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Now showing items 1 - 16 of 509

  • On Invariant Semisimple CR Structures of Maximal Rank on the Compact Lie Groups SUn(C) and SOn(R)

    Ounaies-Khalgui, H.   Yu, R. W. T.  

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  • The atmosphere of the sun: C. J. Durrant Adam Hilger £23.50 168 pages

    Alec MacKinnon  

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  • The Sun: A User\"s Manual, By C. Vita-Finzi

    Rogel-Salazar   J.  

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  • Rounding Numbers: Ptolemy\"s Calculation of the Earth—Sun Distanceby Christián C. Carman

    Review by: Tanya Leise  

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  • JDN11 delivers sea, sun, and science on the C?te d\"Azur

    Dianoux   A. J.  

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  • Short-term variability of comet C/2012 S1 (ISON) at 4.8 AU from the Sun

    Santos-Sanz, P.   Ortiz, J. L.   Morales, N.   Duffard, R.   Pozuelos, F.   Moreno, F.   Fernández-Valenzuela, E.  

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  • Sun Dogs and Eagle down: The Indian Paintings of Bill Holmby Steven C. Brown

    Review by: Bill Mercer  

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  • A new ent-kaurane deterpenoid from Isodon excisoides (Sun ex C. H. Hu) C. Y. Wu et H. W. Li

    Ding, Lan   Wang, Han   Liu, Guoan   Yang, Dongjuan  

    A new ent-kaurane diterpenoid, excisoidesin (1), was isolated from the acetone extract of the leaves of Isodon excisoides (Sun ex C. H. Hu) C. Y. Wu et H. W. Li, along with kamebacetal B (2), glaucocalyxin A (3), leukamenin E (4), kamebanin (5) and wangzaozin A (6). The structure of the new compound was determined as 7α,14β,18-trihydroxy-ent-kaur-16-en-3,15-dione by spectroscopic methods. Compound 1-6 showed significant cytotoxic activity against human tumor Bel-7402 cells.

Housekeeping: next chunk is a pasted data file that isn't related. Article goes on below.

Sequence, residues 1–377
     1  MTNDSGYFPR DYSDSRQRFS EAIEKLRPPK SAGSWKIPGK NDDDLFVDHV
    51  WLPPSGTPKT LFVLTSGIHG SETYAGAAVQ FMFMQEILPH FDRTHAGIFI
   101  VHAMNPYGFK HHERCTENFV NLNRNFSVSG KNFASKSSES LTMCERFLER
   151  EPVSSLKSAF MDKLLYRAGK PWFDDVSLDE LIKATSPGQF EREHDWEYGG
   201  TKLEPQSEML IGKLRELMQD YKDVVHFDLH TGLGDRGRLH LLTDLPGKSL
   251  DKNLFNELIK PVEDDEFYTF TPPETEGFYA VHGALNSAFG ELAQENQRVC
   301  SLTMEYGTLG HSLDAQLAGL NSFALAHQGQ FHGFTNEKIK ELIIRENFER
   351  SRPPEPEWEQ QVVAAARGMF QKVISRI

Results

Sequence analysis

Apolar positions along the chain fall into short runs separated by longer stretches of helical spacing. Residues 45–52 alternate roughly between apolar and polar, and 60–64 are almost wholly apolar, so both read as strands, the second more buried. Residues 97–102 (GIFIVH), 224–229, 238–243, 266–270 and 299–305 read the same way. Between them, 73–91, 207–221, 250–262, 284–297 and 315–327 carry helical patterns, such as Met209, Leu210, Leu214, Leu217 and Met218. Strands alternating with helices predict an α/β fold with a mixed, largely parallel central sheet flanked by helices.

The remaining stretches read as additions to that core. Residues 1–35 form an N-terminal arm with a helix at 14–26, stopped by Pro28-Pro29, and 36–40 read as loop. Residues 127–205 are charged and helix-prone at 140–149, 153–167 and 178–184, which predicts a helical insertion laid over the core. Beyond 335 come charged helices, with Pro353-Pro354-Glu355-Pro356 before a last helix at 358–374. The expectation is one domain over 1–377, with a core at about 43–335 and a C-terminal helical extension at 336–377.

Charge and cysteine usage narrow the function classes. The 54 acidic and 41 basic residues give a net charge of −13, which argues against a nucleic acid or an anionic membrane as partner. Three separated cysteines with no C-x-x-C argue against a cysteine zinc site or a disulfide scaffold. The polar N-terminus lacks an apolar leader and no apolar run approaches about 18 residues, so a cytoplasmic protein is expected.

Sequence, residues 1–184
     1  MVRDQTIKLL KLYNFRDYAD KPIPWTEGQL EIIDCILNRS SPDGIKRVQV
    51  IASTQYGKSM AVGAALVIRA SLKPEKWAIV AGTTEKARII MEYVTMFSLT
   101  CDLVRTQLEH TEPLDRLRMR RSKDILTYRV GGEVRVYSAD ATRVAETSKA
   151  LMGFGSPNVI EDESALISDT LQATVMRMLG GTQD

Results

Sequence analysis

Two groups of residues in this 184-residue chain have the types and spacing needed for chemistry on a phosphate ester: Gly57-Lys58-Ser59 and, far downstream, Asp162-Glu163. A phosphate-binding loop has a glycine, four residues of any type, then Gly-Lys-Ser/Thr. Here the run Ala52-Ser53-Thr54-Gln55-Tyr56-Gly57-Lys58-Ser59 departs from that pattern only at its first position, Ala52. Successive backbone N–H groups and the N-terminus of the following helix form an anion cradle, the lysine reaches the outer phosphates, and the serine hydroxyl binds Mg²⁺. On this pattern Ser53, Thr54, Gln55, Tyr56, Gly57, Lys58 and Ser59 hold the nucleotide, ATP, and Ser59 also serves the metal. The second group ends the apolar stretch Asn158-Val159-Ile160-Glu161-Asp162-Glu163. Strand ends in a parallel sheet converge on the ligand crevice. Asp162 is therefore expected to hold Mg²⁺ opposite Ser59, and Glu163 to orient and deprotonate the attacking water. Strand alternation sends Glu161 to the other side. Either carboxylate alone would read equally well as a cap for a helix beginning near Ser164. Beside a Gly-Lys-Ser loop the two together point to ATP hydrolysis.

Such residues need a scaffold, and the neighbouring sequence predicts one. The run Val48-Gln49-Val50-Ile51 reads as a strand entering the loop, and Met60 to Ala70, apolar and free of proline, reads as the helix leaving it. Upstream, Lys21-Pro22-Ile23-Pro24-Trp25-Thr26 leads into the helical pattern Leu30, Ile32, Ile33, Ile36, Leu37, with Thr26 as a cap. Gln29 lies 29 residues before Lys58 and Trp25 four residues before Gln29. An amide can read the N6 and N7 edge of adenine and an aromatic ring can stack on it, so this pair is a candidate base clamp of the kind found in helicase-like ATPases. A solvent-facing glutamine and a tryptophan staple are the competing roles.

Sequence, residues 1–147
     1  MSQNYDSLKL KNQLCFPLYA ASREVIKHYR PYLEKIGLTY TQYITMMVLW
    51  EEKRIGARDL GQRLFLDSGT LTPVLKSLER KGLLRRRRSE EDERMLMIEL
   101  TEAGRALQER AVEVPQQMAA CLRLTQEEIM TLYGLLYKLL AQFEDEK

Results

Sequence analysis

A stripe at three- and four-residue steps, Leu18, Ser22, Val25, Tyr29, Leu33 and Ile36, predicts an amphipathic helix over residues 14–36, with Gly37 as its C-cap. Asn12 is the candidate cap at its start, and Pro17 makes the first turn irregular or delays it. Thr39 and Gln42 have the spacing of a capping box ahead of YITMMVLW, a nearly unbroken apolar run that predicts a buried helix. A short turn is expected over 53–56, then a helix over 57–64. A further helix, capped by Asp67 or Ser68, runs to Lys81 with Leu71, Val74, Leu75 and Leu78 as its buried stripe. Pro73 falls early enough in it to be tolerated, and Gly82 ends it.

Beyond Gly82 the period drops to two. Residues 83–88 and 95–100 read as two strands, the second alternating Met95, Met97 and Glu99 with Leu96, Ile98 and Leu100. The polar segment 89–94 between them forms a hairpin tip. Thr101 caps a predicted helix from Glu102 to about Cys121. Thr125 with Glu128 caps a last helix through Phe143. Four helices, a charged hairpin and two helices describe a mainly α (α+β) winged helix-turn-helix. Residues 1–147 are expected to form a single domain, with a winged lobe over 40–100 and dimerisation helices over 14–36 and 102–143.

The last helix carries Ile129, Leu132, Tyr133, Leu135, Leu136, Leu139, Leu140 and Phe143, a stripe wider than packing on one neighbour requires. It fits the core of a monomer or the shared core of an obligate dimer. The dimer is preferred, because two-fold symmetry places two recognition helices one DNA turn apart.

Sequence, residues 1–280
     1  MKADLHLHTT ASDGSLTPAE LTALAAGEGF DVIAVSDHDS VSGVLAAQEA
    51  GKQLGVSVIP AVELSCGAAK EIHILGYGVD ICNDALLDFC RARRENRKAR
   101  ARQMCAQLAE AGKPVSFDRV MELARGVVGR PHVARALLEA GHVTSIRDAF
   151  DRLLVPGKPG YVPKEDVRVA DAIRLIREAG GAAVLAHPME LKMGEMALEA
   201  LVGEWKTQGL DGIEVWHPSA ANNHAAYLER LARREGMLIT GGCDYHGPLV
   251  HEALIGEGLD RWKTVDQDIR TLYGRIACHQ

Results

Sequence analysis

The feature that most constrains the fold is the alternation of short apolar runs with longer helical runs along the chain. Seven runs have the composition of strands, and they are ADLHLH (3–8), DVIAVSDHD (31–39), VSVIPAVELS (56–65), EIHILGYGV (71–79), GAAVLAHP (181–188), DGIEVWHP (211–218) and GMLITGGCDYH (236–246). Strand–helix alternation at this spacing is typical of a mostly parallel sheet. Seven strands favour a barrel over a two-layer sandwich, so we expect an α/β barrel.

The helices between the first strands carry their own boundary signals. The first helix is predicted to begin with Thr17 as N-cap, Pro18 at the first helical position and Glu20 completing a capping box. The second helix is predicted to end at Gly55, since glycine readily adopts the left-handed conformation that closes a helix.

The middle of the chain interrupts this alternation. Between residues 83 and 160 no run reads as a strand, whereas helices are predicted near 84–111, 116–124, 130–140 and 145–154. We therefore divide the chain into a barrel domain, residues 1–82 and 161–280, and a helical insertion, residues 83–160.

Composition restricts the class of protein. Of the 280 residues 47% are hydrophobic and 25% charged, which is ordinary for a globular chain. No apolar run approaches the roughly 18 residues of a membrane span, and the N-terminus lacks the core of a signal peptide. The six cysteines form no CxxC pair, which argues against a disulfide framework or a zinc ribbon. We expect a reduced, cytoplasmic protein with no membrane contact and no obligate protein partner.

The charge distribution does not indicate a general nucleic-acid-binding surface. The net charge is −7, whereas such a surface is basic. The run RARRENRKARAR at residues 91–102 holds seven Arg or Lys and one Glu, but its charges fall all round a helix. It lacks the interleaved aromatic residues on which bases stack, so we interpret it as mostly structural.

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    Bonev, Boncho P.   DiSanti, Michal A.   Villanueva, Geronimo L.   Gibb, Erika L.   Paganini, Lucas   Mumma, Michael J.  

    Using long-slit spectroscopy at the NASA Infrared Telescope Facility, we extracted H2O production rates and spatial profiles of gas rotational temperature and molecular column abundance in comet C/2012 S1 ISON, observed at heliocentric distances of 0.53 and 0.35 AU. These measurements uniquely probed the physical environment in the inner collisional coma of this comet during its first (and last) approach to the Sun since being emplaced in the Oort Cloud some 4.5 billion years ago. Our observations revealed a comet evolving on various timescales, both over hours and days. At 0.35 AU, ISON showed a considerable decrease in water production rate in less than 2 hr, likely declining from a major outburst. Our measured temperature spatial distributions reflect the competition between the processes that cause heating and cooling in the coma, and also provide insight about the prevalent mechanism(s) of releasing gas-phase H2O. The observed temperatures suggest that the comet was likely ejecting icy material continuously, which sublimated in the coma and heated the ambient gas, augmenting fast H-atoms produced by H2O photolysis. ISON adds to the very limited sample of comets for which spatial-spectral studies of water temperatures have been conducted. These studies are now feasible and can be extended to comets having a variety of gas production rates. Continued synergy of such observations with both space missions like Rosetta and with physical models is strongly encouraged in order to gain a deeper understanding of the processes in the inner collisional zone of the cometary coma.
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    Li, Jian-Yang   Kelley, Michael S. P.   Knight, Matthew M.   Farnham, Tony L.   Weaver, Harold A.   A\"Hearn, Michael F.   Mutchler, Max J.   Kolokolova, Ludmilla   Lamy, Philippe   Toth, Imre